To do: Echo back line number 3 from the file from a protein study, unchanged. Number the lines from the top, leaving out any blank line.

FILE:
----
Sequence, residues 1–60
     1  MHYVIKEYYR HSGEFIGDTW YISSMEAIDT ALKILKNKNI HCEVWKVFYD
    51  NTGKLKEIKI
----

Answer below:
    51  NTGKLKEIKI